Dragon Ball FighterZ Review

Like many of my age group, I grew up a Dragon Ball Z fan. After the Buu Saga though, I started losing interest in DBZ. However, the Dragon Ball Super series got me back into the Dragon Ball mind frame. As a result, I became fairly interested in this game, as soon as it was announced. Teaming up the fighting engine from Arc System Works along with an actual recognizable franchise (sorry Guilty Gear fans) makes this a real slam dunk of a game. And in almost every respect, it lives up to that. Although, it has some truly baffling things happening on the sidelines that are rather mind-boggling.

Dragon Ball FighterZ Review

Title: Dragon Ball Fighter Z
Platform: PS4 [Reviewed], PC, Xbox One
Genre: Fighting Game
Developer: Arc System Works
Publisher: Bandai Namco Entertainment
Players: 1-2 (online, local multiplayer)
Release Date: January 26, 2018
Price: $59.99


Dragon Ball FighterZ (DBFZ) is a 3 on 3 team-based fighter, very much akin to other games in the genre. Most notably the Marvel vs. Capcom series. You have four main attack buttons, weak, medium and strong attacks. While a fourth button is used for your Ki blasts, and other beam-type special attacks. R1 uses a Dragon Rush, which lets you dash for a few steps and hit someone. If successful, you go into a quick succession of attacks with you hitting the other fighter in the air and chasing them to continue the combo.

R2 lets you quickly dash toward the enemy. L1 and L2 are used to either bring your other teammates in for a quick attack or to let you swap places with them. There are even two different super attacks, one costing one bar on the meter, and the other costing three bars, which leads to a more flashy/powerful attack, called the Meteor Attack. You also have a mechanic called Sparking Blast which is analogous to the X-Factor in MvsC 3. If you press R1 and R2 together, you’ll enter a state where you do more damage and regenerate health much quicker. With this special state lasting longer or shorter, depending on how many characters remain on your squad.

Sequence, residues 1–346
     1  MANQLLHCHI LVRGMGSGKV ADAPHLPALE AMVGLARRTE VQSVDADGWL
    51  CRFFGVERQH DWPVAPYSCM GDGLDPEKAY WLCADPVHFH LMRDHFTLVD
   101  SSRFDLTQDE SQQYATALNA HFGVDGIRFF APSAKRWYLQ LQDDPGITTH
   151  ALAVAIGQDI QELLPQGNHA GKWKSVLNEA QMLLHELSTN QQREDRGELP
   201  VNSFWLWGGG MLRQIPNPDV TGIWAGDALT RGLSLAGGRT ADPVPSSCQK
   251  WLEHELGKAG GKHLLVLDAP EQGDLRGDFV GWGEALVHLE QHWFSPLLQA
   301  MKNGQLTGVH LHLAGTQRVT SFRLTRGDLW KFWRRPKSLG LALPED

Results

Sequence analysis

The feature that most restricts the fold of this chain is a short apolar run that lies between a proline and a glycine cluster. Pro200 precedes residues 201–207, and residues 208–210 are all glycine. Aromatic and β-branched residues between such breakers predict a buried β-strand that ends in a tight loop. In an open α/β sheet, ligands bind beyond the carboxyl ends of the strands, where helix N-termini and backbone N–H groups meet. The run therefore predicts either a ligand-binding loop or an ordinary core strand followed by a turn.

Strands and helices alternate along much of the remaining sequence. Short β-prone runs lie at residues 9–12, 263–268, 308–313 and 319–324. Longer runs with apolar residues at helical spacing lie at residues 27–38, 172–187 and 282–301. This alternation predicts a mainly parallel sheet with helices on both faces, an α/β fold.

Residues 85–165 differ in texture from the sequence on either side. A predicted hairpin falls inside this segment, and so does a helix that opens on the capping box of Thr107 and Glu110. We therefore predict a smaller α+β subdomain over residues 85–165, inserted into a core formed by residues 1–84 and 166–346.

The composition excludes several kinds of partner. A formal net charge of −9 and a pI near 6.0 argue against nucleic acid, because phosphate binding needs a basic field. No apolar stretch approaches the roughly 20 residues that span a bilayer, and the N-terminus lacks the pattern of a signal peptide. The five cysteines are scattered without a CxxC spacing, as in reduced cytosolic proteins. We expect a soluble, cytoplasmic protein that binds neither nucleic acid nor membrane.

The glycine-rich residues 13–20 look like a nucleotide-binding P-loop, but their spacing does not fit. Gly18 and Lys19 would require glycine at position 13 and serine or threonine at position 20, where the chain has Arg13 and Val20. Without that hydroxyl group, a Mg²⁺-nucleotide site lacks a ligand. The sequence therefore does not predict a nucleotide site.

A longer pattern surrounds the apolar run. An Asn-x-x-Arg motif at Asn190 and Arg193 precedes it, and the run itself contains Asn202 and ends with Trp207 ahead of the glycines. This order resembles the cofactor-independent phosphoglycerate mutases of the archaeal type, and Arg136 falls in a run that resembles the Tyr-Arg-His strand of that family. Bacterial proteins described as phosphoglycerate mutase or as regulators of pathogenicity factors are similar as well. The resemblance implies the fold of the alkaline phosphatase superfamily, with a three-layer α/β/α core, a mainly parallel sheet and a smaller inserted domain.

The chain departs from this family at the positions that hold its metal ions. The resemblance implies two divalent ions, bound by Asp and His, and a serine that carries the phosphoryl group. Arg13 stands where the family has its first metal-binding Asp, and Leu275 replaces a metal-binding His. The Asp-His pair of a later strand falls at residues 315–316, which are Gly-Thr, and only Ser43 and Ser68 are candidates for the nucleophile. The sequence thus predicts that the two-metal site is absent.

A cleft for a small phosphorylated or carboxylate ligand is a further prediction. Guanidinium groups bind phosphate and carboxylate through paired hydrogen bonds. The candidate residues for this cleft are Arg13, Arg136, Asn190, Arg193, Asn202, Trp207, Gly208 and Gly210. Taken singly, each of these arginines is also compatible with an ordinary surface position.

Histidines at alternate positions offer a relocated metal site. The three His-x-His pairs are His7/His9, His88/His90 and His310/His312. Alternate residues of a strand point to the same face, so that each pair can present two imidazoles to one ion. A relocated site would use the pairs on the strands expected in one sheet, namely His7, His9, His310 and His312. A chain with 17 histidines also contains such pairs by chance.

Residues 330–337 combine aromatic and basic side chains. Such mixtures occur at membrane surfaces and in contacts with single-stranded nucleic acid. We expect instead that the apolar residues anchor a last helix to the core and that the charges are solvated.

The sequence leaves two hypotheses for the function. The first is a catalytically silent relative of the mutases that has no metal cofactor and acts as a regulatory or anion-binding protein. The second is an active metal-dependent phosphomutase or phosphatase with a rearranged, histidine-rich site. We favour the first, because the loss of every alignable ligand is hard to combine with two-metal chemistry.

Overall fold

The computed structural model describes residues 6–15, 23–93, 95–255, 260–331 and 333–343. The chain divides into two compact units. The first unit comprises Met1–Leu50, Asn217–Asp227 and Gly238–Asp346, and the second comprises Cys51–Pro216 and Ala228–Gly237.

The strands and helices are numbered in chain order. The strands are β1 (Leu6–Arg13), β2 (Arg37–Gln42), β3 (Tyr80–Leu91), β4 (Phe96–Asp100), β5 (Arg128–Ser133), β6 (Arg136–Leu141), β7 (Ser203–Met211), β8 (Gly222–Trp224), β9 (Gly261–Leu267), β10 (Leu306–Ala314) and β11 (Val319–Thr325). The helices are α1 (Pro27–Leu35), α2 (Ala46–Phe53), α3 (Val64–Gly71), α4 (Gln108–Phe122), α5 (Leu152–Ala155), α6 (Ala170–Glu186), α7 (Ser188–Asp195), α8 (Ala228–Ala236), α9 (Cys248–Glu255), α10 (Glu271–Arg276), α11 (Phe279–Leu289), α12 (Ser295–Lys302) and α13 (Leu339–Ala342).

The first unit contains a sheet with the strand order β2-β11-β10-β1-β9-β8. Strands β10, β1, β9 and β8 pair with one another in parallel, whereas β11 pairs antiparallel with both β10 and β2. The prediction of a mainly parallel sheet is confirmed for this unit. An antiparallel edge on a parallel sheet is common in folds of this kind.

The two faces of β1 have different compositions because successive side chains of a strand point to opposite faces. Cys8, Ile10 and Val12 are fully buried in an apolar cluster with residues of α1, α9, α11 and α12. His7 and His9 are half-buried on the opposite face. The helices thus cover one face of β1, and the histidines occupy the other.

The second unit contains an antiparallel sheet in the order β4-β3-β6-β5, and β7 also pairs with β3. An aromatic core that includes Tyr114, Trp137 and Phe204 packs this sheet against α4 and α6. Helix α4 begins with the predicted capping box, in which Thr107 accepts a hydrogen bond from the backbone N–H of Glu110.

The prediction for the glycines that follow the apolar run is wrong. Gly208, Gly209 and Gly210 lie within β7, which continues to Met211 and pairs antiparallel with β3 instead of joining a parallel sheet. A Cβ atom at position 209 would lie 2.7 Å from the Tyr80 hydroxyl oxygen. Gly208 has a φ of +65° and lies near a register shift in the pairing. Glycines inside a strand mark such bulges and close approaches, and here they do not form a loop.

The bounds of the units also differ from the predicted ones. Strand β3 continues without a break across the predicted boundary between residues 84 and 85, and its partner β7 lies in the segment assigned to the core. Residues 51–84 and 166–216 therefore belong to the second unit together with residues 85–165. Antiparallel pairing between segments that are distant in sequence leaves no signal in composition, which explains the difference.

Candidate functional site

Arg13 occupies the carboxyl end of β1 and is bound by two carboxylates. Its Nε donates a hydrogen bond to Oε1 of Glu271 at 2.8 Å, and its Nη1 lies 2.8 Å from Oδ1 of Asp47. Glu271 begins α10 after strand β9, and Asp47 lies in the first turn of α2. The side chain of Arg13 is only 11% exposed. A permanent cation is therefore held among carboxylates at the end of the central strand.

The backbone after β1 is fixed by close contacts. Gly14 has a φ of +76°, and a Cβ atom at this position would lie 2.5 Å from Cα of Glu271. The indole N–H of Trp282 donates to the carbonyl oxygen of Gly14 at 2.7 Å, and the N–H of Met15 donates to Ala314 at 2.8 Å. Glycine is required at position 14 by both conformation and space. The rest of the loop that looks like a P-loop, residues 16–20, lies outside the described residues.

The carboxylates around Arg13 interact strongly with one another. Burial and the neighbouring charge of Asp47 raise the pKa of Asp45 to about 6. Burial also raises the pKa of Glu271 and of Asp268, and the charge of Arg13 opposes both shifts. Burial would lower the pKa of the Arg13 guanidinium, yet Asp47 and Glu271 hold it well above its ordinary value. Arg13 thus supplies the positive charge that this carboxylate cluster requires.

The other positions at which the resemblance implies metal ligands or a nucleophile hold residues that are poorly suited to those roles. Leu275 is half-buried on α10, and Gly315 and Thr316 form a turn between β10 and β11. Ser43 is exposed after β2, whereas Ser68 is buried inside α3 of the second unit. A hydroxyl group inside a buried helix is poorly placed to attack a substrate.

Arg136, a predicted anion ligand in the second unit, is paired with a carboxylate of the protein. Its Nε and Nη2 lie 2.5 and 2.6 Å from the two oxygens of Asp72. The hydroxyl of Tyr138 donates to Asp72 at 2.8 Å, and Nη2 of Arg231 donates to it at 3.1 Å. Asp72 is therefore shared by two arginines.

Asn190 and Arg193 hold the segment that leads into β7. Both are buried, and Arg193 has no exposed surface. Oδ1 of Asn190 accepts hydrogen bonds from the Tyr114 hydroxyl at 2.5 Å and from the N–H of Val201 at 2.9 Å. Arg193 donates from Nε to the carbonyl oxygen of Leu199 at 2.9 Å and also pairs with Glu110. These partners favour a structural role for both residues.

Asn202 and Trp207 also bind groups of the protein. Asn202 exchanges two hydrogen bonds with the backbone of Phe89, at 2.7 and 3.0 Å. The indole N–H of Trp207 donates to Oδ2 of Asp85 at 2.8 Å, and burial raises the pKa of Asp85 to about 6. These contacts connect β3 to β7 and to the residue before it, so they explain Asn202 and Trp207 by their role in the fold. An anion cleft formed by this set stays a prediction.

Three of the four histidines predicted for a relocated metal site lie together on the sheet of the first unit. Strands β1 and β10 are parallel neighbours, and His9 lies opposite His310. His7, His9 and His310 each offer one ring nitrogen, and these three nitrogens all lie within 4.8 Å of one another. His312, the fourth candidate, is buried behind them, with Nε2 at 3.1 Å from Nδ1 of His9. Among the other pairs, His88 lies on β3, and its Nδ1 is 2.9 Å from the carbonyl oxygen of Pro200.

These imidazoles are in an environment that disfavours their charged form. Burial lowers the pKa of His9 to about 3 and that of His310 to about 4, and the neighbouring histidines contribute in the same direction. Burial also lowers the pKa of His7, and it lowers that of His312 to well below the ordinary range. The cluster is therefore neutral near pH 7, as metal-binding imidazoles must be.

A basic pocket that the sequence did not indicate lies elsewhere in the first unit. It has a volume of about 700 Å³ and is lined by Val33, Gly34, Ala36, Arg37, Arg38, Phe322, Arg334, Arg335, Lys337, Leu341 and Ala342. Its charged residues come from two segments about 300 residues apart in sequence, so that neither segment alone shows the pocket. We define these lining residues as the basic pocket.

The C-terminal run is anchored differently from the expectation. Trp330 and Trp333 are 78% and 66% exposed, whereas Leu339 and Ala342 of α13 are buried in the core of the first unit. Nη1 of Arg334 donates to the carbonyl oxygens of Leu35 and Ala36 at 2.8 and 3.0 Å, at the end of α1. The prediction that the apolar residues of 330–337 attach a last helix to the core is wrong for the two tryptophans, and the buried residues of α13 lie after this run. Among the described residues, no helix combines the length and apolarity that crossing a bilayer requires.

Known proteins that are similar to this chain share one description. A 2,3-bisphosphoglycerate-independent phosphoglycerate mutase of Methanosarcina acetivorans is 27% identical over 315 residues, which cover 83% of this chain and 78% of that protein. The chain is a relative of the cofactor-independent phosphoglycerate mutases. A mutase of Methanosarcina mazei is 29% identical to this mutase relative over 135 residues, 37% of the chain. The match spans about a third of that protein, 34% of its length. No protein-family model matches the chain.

Drawing Another Comparison

Superficially, the lineage between DBFZ and Marvel seems fairly apt. Although I’d say it has more in common with another of Arc’s previous games Persona 4 Arena than any other fighter. This is primarily due to how actual combat occurs.

In Persona 4 Arena, there’s a mechanic, which creates an auto-combo for new players. If you just kept mashing the square button, your character would automatically do a flashy, multi-hit combo. Dealing some decent-sized damage to your enemy in the process. In Persona 4 Arena, this was only for the square button, but in DBFZ this happens with square, triangle and circle. However, the combos aren’t as damaging as if you do attacks manually. But it does help keep new players engaged because they can perform cool moves without much effort.

Honestly, the fighting engine in this game is top-notch. It is insanely quick, fun, and flashy (almost overwhelming so in spots). Everything looks superb though, and there is a lot of hidden depth to the battle system, once you really get into it.

Examining the Roster

The roster for DBFZ is pretty interesting. Featuring a mix of old and new characters. Obvious characters like Goku, Vegeta, Frieza, and Cell are all here. While also including slightly more obscure characters like Nappa, Yamcha and Tien as well. The roster has around 20 characters, with three other secret characters you can unlock. With each character playing slightly different enough.

Probably the weirdest characters are Majin Buu or Captain Ginyu. Buu doesn’t really have a beam-type attack at all. Instead, he performs a fart-like attack to damage enemies or he throws a chunk of himself at other players, which restrains them for a few seconds. Ginyu, of course, calls in the Ginyu force to do most of his special attacks. As well as body-swapping for his bigger super move.

Sticking to the Lore